Miles of Golf has been collecting driving data for GAM tournaments for 5 years. We use this information in our club fitting, but it also tells players something about their driving skills. We have data for the 2012 Men’s GAM Championship, the Men’s GAM Senior, and the Boy’s GAM Junior Championship. Shawn Zawodni, who has been fitting clubs at Miles of Golf for 6 years, has written a critique of the test results from these tournaments comparing driving characteristics from each of these groups. We think you will find his comments very interesting.
1) Optimum launch and spin is easy. We want just enough spin to keep the ball on its optimum trajectory which depends on speed and launch angle. The faster the ball is going, the less spin it needs to stay on it’s optimum trajectory. For example a ball launched at 170 mph at 10* only needs about 2300 rpm of spin to achieve its maximum distance potential. However a ball launched at 145 mph and the same 10* will need around 3000 rpm of spin to achieve its maximum distance potential. As the ball is launched higher, then it needs less spin to stay on its optimum trajectory regardless of speed. This is why high launch combined with low spin is so desirable (launch and spin are of course relative). A general rule that can be made is that the slower the ball is traveling, the more it will benefit from a higher launch angle and a lower spin rate. The faster the ball is going, the less launch and spin we need. However relatively speaking, all speeds can benefit from higher launch and lower spin. Hypothetically the ideal numbers and I mean absolutely perfect numbers that would create maximum distance no matter what the speed is a 45* launch angle, and 0 rpm spin rate. It’s impossible to achieve with a golfclub, but those are absolute perfect numbers.
2) The club head speeds ranged quite a bit between the different tournament groups. The woman ranged in club head speed from 73.9 mph – 102.6 mph, the seniors ranged from 80.5 mph – 107.7 mph, the Juniors ranged from 88 mph – 116 mph, the Publinx ranged from 79 mph – 117 mph, and the GAM ranged from 98.6 mph – 124.1 mph. The fastest clubhead speed average unsurprisingly came from the men’s GAM championship as well as the closest gap from fastest clubhead speed to slowest. This can be attributed to how close the competition is. When you get a large group of low single digit handicapped and scratch golfers, the speed is likely to vary less. One piece of data that really stood out to me is how many of the junior players are swinging above 110 mph. The women over all averaged the slowest club head speed, but there were quite a few women who were swinging in the 90-100 mph range, I would place a guess that the average clubhead speed of the males that come to the Cluboratory to get fit for a driver is in the mid 90 mph range. The Publinx had the largest variation in clubhead speed from the fastest player to the slowest, almost 39 mph. I feel that the same reason the GAM championship was so close together in clubhead speed can also explain why the Publinx has the largest variation in clubhead speed. The Publinx has a wider range of handicapped players playing in the event. Therefore a wider range of speed and skill will be playing in the event. The seniors had the most amount of players launching the ball above 10*. I feel like this can be attributed to two reasons; 1) Senior golfers (whether they need to or not) have a tendency to play higher lofted drivers than non senior golfers, and 2) I feel that as golfers get older and loose clubhead speed, they compensate and find ways to get some of their distance back. And they do this by hitting up on the golfball with a positive attack angle. The senior golfers averaged the highest attack angle, and more senior golfers hit up on the ball than any other group. A more positive attack angle combined with a higher lofted driver will help increase launch angle and hit the ball higher.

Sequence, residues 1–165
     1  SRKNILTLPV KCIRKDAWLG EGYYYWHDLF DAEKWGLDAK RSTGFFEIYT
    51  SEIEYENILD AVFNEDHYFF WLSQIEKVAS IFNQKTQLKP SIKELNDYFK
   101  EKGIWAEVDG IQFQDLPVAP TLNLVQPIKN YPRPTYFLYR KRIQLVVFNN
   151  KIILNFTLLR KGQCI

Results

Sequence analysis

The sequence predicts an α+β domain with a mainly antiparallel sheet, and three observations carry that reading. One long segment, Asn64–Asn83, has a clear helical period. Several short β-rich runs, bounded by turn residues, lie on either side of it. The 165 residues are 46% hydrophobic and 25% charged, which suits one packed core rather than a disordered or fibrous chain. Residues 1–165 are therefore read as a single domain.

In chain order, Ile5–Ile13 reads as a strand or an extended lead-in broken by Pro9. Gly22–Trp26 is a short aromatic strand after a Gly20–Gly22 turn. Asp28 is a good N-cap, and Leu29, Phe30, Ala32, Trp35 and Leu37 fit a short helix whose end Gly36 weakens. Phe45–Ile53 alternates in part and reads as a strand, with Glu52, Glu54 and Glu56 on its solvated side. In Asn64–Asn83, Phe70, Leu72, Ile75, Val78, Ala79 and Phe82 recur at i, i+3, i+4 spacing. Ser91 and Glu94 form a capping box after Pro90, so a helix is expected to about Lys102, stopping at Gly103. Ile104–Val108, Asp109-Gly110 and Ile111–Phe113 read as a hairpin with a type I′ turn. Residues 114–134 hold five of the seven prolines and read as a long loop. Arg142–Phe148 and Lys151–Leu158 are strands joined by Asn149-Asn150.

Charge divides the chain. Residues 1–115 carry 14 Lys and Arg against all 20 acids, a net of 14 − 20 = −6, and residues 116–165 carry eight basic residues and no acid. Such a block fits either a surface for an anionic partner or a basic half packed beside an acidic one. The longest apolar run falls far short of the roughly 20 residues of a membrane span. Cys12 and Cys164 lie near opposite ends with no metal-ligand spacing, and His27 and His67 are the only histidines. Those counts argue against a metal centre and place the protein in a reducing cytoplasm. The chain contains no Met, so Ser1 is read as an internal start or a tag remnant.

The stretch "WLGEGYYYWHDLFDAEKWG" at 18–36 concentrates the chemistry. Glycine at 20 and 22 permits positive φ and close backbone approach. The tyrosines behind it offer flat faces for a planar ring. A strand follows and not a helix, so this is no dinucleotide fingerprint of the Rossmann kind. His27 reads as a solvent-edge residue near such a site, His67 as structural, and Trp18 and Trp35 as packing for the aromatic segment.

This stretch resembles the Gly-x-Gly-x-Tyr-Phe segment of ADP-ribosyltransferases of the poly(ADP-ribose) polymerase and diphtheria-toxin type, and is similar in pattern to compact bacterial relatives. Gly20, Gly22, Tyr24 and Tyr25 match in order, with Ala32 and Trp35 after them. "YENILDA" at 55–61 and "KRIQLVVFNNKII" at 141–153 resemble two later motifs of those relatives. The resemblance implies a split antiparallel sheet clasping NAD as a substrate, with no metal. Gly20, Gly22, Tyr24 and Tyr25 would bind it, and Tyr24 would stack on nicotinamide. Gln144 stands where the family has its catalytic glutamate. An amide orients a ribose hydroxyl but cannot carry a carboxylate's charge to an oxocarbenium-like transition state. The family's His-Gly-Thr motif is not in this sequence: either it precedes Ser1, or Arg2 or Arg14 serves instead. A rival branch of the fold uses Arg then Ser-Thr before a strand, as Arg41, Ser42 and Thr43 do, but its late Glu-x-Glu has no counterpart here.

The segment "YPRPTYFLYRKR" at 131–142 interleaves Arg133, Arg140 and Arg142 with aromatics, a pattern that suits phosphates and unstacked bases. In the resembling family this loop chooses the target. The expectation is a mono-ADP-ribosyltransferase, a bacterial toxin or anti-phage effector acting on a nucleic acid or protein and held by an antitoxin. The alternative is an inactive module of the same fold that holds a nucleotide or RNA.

3) A couple things I found interesting is the lowest and highest launch angles, spin rates, and attack angles from all of the groups tested are eerily similar, showing the averages may be different, but the extremes in club delivery (and miss hits) doesn’t discriminate between age, gender, or ability.